(MCT) — CHICAGO — In riveting testimony Tuesday, high-ranking law enforcement officials tripped over themselves trying to explain to a federal jury how they handled the early days of the explosive reports that an off-duty Chicago police officer had pummeled a female bartender half his size — and that it had all been caught on videotape.
Debra Kirby, who was head of the Internal Affairs Division at the time and remains a ranking member in the department, told the jury at the civil trial stemming from the 2007 beating that during a phone call she told a Cook County prosecutor she wanted Officer Anthony Abbate charged with a felony and denied ever seeking a misdemeanor offense.
"Absolutely I never said that," Kirby said of the lesser charge. ". . . I wanted him charged with a felony."
Minutes later, IAD Sgt. Joseph Stehlik told the jury that he, Kirby and others discussed the beating as a misdemeanor, or simple battery, and that he heard Kirby tell that to the prosecutor during the same phone call. He never heard her seek a felony charge in the conversation, he said.
"I don't recall hearing her say that, no," Stehlik said under questioning by attorney Terry Ekl, who is representing the bartender, Karolina Obrycka, in the lawsuit against the city and Abbate.
The case took an even odder turn in the afternoon when the prosecutor took the witness stand and denied the phone call took place at all.
"I did not get any such call," said Thomas Bilyk, who is now the chief of juvenile division for the state's attorney's office but in 2007 oversaw investigations into officers suspected of criminal behavior.
How charges were secured against Abbate is a central point in the trial. Obrycka's attorneys argue that the department's longstanding unofficial code of silence led to Abbate's assault as well as efforts to cover up or minimize a beating that Obrycka says left her bruised and still suffering panic attacks to this day.
Abbate was initially charged with a misdemeanor by Chicago police for the attack inside Jesse's Short Stop Inn on Feb. 19, 2007. Charges were later upgraded to felonies by the state's attorney's office just before the videotape was released to the public, bringing a firestorm of media attention on the vicious beating.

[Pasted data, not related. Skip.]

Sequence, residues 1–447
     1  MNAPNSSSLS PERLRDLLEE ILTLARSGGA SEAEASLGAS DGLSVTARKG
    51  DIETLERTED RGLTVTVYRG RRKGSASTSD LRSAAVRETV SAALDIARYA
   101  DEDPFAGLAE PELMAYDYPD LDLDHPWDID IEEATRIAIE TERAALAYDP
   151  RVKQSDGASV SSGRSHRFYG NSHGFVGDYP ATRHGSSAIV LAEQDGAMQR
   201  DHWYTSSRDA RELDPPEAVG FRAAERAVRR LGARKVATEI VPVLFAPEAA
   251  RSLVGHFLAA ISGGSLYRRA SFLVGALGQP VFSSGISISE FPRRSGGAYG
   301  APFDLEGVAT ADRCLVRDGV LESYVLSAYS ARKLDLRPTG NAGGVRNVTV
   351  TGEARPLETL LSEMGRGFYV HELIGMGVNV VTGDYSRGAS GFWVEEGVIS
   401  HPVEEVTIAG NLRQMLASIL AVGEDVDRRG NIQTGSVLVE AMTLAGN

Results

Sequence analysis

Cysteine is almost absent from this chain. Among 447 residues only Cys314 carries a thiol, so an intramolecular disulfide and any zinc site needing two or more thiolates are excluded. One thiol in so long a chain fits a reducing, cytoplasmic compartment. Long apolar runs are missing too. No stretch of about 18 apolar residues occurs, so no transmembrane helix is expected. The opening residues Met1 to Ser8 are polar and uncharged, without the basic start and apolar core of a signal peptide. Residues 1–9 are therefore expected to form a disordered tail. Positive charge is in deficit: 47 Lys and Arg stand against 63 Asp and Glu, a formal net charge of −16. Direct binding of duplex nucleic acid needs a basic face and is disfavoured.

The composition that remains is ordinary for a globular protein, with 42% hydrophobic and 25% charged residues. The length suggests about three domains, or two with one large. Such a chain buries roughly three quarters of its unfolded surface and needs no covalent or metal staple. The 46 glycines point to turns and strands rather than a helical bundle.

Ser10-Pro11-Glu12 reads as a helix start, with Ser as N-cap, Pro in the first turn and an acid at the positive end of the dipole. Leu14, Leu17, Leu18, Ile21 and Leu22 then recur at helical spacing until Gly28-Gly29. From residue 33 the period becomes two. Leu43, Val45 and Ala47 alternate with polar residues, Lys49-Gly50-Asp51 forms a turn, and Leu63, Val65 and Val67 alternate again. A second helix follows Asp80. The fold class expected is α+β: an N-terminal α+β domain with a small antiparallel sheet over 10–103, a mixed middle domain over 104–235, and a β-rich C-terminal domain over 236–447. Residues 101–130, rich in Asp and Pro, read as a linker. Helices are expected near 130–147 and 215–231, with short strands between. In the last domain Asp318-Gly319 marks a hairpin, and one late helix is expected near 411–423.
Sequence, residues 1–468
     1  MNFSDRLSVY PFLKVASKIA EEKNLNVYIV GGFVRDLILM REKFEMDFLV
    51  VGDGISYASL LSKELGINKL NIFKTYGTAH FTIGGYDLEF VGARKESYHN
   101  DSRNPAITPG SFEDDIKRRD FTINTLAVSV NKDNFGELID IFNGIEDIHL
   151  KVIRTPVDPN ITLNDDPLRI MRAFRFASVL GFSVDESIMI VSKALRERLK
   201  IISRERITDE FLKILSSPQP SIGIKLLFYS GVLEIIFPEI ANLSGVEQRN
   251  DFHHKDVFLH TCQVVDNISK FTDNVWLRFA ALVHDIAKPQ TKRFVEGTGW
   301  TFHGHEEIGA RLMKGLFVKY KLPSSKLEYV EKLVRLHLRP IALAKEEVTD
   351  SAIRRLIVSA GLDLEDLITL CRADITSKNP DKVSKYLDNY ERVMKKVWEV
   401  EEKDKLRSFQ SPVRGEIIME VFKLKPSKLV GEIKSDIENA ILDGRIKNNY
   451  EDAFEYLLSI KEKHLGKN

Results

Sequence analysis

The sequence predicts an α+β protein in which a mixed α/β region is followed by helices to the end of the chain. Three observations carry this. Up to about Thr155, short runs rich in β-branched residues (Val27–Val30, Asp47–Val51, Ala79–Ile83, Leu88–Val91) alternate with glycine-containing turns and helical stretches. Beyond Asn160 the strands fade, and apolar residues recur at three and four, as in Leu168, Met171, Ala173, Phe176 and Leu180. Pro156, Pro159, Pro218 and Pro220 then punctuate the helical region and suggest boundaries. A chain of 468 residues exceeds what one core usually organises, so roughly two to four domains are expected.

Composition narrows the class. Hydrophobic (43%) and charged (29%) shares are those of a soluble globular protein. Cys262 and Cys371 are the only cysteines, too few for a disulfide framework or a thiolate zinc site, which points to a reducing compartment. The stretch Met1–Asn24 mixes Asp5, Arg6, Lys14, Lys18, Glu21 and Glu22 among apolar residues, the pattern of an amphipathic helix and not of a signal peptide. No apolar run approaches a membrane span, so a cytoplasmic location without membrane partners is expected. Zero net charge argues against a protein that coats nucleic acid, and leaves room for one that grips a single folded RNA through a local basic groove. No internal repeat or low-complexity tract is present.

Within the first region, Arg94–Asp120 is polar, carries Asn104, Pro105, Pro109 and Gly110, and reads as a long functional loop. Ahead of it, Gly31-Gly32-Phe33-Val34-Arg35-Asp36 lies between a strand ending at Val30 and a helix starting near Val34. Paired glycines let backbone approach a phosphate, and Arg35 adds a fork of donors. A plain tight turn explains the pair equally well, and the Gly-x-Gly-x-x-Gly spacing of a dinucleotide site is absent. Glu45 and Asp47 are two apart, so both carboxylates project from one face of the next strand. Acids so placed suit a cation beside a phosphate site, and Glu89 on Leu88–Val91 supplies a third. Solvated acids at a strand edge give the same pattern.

Obrycka's attorneys have said they released the tape because of the department's inaction.
Tuesday's testimony focused on a series of decisions at the upper rungs of the department that laid bare how police officials hoped to make the matter disappear quickly and quietly with misdemeanor charges, according to Obrycka's attorney.
Stehlik testified that after watching the videotape, he believed the beating was likely only a simple battery. He said he filled out a misdemeanor complaint form and took it to Obrycka's house for her to sign.
"I was investigating a simple battery," he said. "I printed it up on my own."
Bilyk, who in 2007 was the supervisor of the state's attorney's Professional Standards Unit, testified that he was shocked to learn that Chicago police initially charged Abbate with a misdemeanor.
Bilyk said he had one meeting with police and officials from the department's Office of Professional Standards, which investigated police misconduct at the time, after OPS had contacted him about the egregious nature of the videotape. There was no discussion of what kind of charges to bring, he said. Bilyk then launched an investigation. Only later, he testified, did he learn that Chicago police had gone to Obrycka's house and had her sign a misdemeanor complaint.
"It was fairly shocking information," said the veteran prosecutor, who indicated that never in his dealings with the police or OPS had misdemeanor charges been brought against an officer during an "ongoing investigation" by prosecutors.
That decision, Bilyk testified, could have crippled efforts by prosecutors to upgrade the charges. If Abbate had pleaded guilty to the misdemeanor charges, that would have "knocked out" any chance he would be charged with a felony, he said.
Bilyk said that would have left prosecutors facing "a double-jeopardy situation."
Abbate was eventually convicted of aggravated battery but spared of prison. He was placed on probation and ultimately fired from the department.
The city has denied that Chicago police were seeking anything but felony charges against Abbate and argued instead that it was prosecutors who balked at the more serious charges.
Matthew Hurd, an attorney for the city, referred to a report filed by another IAD officer involved in the Abbate investigation who after a meeting with prosecutors, including Bilyk, indicated that misdemeanor charges would be sought against the officer.
Hurd also pushed Bilyk about the unusual nature of the felony charges finally filed against Abbate. Bilyk said he had never heard of such charges — aggravated battery on or about a public way, public property or public place of accommodation or amusement — being used before.
When Hurd asked whose idea it was to bring those charges, Bilyk responded: "I don't recall."